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Could Parking Be The Problem?
Posted 03 May 2004 - 02:42 PM
Earlier this year, I optimised a 150 page dynamic site which had good penetration in the various search engines. At the same time, they decided to change their domain name completely, including moving it from a .com to a .co.uk tld.
The site was finished 3 months ago, and I was expecting to see fairly good penetration of the site by now, possibly down to level 3 of the site, and the old domain mostly gone from the listings. But that hasn't happened.
The web designer also hosts the site and he persuaded the client to park the new .co.uk domain with the old .com domain, plus several others the company has bought over the years. I'd advised a permanent redirect, but was overruled.
So, to take Google as an example: As of today, the new .co.uk domain has 40 pages listed in Google while the old .com domain still has 140 pages listed.
Could the fact that the new .co.uk domain is parked rather than permanently redirected have anything to do with this rather slow refreshing of Google's listings, or am I just being impatient??
Posted 03 May 2004 - 03:09 PM
Posted 03 May 2004 - 04:21 PM
Posted 03 May 2004 - 06:58 PM
In my experience the higher the PR, the more interest and the deeper Googlebot will spider. This seems especially true of Dynamic sites, though that may just be because of the nature of the site.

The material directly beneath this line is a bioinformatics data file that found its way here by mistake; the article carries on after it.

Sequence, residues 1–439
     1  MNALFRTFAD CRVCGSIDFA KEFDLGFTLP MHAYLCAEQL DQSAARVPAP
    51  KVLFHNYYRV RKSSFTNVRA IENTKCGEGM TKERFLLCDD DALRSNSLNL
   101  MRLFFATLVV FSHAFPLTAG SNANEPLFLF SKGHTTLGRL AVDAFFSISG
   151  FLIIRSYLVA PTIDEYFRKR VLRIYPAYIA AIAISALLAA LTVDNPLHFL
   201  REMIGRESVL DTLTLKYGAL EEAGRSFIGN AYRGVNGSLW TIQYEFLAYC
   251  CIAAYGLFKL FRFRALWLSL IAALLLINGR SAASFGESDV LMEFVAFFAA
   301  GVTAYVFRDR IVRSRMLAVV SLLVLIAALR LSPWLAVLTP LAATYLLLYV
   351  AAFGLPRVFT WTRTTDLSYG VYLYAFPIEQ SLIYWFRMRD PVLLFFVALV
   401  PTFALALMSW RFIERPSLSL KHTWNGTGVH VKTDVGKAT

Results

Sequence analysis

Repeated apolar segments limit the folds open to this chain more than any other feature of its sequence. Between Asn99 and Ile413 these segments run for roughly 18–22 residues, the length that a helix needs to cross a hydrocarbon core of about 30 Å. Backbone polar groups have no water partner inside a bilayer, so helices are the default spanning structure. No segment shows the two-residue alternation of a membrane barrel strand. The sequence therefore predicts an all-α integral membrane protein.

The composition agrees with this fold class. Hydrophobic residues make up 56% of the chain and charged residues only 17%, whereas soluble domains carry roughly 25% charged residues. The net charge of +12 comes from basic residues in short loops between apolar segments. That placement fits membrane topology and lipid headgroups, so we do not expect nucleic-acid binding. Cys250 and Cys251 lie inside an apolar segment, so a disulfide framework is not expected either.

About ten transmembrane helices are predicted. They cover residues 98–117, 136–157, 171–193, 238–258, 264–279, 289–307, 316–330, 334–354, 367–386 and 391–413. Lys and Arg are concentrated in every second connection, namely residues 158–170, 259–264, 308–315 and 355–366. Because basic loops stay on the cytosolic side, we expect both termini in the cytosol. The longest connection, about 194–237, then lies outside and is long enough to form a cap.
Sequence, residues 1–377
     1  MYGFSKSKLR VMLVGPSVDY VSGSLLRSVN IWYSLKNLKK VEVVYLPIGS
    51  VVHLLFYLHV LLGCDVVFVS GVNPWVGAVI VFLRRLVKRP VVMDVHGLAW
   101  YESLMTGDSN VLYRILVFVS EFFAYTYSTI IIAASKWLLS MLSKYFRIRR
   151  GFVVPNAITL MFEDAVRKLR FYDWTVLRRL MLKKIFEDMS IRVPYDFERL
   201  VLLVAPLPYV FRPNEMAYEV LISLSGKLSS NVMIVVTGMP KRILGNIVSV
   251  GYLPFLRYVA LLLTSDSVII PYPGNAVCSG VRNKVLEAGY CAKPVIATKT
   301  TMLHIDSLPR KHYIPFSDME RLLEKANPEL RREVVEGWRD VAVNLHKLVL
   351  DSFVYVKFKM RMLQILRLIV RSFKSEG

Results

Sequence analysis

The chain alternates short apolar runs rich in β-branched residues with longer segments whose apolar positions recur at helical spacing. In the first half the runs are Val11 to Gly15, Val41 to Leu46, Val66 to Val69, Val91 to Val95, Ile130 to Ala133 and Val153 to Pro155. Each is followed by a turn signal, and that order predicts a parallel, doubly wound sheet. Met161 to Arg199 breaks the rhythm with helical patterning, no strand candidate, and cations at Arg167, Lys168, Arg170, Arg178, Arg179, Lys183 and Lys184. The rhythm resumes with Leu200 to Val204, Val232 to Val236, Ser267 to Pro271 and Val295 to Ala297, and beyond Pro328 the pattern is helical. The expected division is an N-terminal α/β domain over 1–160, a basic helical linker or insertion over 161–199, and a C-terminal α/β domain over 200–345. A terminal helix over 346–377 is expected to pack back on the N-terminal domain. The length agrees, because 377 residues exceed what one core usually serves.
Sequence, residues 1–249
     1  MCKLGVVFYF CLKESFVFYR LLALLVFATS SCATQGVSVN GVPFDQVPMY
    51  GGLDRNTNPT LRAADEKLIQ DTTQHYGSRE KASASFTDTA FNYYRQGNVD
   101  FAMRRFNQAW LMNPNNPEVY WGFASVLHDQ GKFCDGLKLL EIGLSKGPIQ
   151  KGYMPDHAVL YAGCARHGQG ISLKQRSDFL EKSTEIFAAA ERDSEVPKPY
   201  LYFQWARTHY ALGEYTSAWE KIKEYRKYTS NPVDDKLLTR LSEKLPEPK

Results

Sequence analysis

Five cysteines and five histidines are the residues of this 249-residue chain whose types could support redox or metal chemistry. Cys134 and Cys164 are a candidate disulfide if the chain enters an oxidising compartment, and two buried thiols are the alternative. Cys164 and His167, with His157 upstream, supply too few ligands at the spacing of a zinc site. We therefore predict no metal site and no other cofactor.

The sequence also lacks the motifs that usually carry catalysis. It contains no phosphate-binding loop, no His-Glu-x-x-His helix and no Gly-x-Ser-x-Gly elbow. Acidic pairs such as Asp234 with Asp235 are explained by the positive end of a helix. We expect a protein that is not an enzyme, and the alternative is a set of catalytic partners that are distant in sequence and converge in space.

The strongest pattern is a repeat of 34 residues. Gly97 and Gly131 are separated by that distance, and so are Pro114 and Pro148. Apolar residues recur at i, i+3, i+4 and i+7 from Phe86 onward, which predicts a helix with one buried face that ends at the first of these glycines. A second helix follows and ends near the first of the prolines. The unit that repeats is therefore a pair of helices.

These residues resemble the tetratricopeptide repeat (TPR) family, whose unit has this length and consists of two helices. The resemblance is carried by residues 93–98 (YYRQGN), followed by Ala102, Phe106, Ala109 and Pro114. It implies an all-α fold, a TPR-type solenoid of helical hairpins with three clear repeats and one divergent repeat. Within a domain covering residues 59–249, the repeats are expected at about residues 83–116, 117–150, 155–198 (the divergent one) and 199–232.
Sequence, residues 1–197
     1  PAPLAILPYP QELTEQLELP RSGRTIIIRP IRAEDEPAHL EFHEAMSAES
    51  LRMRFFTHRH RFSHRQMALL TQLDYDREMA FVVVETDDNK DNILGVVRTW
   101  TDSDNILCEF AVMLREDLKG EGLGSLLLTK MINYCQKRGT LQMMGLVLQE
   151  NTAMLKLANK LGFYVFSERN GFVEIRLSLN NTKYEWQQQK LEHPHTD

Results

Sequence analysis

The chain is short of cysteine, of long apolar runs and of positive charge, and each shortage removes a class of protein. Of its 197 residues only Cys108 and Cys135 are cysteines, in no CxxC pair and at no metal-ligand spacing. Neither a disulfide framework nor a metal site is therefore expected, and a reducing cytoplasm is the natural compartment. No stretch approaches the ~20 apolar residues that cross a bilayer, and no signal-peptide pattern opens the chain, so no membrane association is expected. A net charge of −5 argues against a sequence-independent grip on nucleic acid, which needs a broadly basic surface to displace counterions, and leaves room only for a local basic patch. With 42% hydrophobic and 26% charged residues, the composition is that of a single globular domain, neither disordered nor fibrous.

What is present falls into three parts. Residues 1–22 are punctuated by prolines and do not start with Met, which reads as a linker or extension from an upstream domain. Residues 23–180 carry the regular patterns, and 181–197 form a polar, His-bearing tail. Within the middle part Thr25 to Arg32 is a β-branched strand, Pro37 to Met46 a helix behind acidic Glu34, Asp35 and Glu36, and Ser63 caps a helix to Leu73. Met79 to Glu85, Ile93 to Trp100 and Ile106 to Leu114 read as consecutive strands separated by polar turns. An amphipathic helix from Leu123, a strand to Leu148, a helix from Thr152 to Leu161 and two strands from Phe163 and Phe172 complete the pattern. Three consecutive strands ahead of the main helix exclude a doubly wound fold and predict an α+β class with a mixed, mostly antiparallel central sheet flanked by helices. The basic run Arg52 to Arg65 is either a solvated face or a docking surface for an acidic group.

Posted 04 May 2004 - 02:55 PM
Are you saying that the results I'm seeing are solely because the old domain has loads of backlinks, and that the parking vs 301 has nothing to do with it??
Or are you saying that both are contributing to the results??
Posted 05 May 2004 - 06:48 AM
What I was referring to was the depth and frequency the bots will crawl a site.
In my experience (and this is mainly with Dynamic sites that have mutiple variables in the URL) as a site gains more backlinks and PR rises, Googlebot will get more interested in the site. When the interest level is higher, good old Googlebot will crawl stuff that it had been ignoring for weeks or sometimes months. And crawl much more often.
It's completely logical that Google would be more interested in and devote more of their resources to sites it believes are more authoritative. But don't ask me the exact point this "interest" kicks in. I'm not sure a person could say that it happens at PR4 or PR3 or PR5, mainly because I don't trust the PR level we're allowed to see in the first place.
So if you perform the 301, as soon as Google starts to transfer the PR and backlinks from the old site to the new site, you'll like also start seeing more pages show up in the SERPs and notice Googlebot spidering your new site more often and more deeply. Did that make sense?
Posted 05 May 2004 - 03:04 PM
Posted 05 May 2004 - 03:14 PM
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